Alternative name/s

European rabbit

Damage rating

Severe or fatal

Type of pest


Rabbits - Oryctolagus cuniculus

How to recognise it

You may spot the rabbits themselves (they are most active at night, in the early morning or late afternoon), find their small, black, pellet-like droppings or notice the openings to their burrows, which they often dig in hedge banks or under thickets of brambles.


Each female rabbit produces 2 to 4 litters a year, each litter consisting of 3 to 6 young. Most of the breeding takes place between January and June. The new generation of rabbits mature and are ready to breed within a year, so populations can increase rapidly.

Why it’s a problem

Rabbits, young and old, will graze on young shoots and leaves and sometimes strip bark from a wide range of plants. The damage will go up to a height of about 50cm. This can be particularly noticeable in severe winters when they will also feed on flowers, fruit and seeds.

Rabbit urine can also leave brown patches in lawns.

Where you are likely to find it

The worst damage tends to be done in spring and early summer. Lettuces, hostas, heathers, lilies and other herbaceous perennials are particularly at risk.

How to deter it

The only way to deter rabbits is to keep them out of the garden. 18 or 19 gauge wire mesh fencing, with mesh holes no bigger than 3cm, should be erected around the garden. This should be buried into the soil to a depth of 30cm, with a height of at least 1m above soil. The fence should be well supported with posts to keep it sturdy. Inspect fences regularly, and don’t forget to ensure that any gates into the garden are equally well protected. In extreme cases electric fencing can be used.

Where there are smaller rabbit populations, using tree protectors and wire mesh surrounds for individual plants should be sufficient.

Chemical repellents may help when applied to the bark of trees, although they must be re-applied assiduously according to the manufacturer’s instructions and even then the rabbits may not be so easily dissuaded!

If you own a dog, let them out into the garden at the times of day when the rabbits are most active; most breeds of dog will be enough to scare off rabbits, even if the dog isn’t all that interested in chasing them.

Some plants tend to be less susceptible to rabbit attacks than others, although the best way to find rabbit-proof plants is to look in your own, and neighbouring, gardens to find plants which haven’t been nibbled. Below is a list of some of the plants which are less attractive to rabbits, although none of them are guaranteed “rabbit proof”!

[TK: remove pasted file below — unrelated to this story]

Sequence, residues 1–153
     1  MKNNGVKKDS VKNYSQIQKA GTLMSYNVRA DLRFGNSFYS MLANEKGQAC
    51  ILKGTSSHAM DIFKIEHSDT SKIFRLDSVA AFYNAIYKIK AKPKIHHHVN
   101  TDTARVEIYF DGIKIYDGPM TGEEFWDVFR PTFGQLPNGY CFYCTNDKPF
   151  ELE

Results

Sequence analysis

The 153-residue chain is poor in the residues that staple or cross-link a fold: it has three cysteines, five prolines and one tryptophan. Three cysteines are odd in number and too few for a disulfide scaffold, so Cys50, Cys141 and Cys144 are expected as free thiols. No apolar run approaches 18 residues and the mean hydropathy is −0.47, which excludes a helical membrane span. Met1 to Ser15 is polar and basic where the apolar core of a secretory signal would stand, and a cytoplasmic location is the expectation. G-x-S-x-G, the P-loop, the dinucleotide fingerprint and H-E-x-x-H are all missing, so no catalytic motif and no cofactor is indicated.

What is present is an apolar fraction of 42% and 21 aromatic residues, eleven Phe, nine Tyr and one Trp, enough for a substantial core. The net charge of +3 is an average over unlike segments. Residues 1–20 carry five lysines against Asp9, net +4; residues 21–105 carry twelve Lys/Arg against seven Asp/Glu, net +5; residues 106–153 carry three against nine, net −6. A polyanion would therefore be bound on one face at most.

Herbaceous ornamental plants

  • Abutilon vitifolium
  • Acanthus (bear’s breeches)
  • Aconitum (monkshood)
  • Agapanthus (African lily)
  • Ajuga reptans (bugle)
  • Alcea (hollyhock)
  • Alchemilla mollis (lady’s mantle)
  • Allium (ornamental onions)
  • Alstroemeria (Peruvian lily)
  • Anaphalis
  • Anchusa azurea
  • Anemone blanda
  • Anemone coronaria
  • Anemone hupehensis & A. × hybrida (Japanese anemones)
  • Antirrhinum (snapdragon)
  • Aquilegia (columbine)
  • Aster novae-angliae (Michaelmas daisy)
  • Aster novi-belgii (Michaelmas daisy)
  • Astilbe
  • Athyrium (lady fern)
  • Bergenia (elephant’s ears)
  • Brunnera macrophylla
  • Chionodoxa luciliae (glory of the snow)
  • Colchicum (autumn crocus)
  • Convallaria majalis (lily of the valley)
  • Cortaderia selloana (pampas grass)
  • Corydalis
  • Crinum
  • Crocosmia (montbretia)
  • Cyclamen (hardy cyclamen)
  • Dahlia (dahlias)
  • Dicentra (bleeding heart)
  • Digitalis (foxgloves)
  • Doronicum (leopard’s bane)
  • Echinops (globe thistle)
  • Epimedium
  • Eranthis hyemalis (winter aconite)
  • Eremurus (foxtail lily)
  • Eryngium agavifolium (sea holly)
  • Erythronium dens-canis (dog’s tooth violet)
  • Eschscholzia californica (California poppy)
  • Eupatorium cannabinum (hemp agrimony)
  • Euphorbia (spurges)
  • Fritillaria (fritillaries)
  • Galanthus nivalis (snowdrop)
  • Gentiana asclepiadea (willow gentian)
  • Geum
  • Helenium autumnale
  • Helianthus (sunflowers)
  • Helleborus (not H. niger ) (hellebore)
  • Hemerocallis (day lily)
  • Heuchera sanguinea (coral flower)
  • Hyacinthoides non-scripta (bluebell)
  • Impatiens (busy Lizzie)
  • Iris (irises)
  • Kniphofia (red hot poker)
  • Lamium (dead nettles)
  • Lavatera trimestris
  • Leucojum (snowflakes)
  • Linum perenne (flax)
  • Liriope muscari
  • Lupinus (lupins)
  • Lychnis
  • Lysimachia clethroides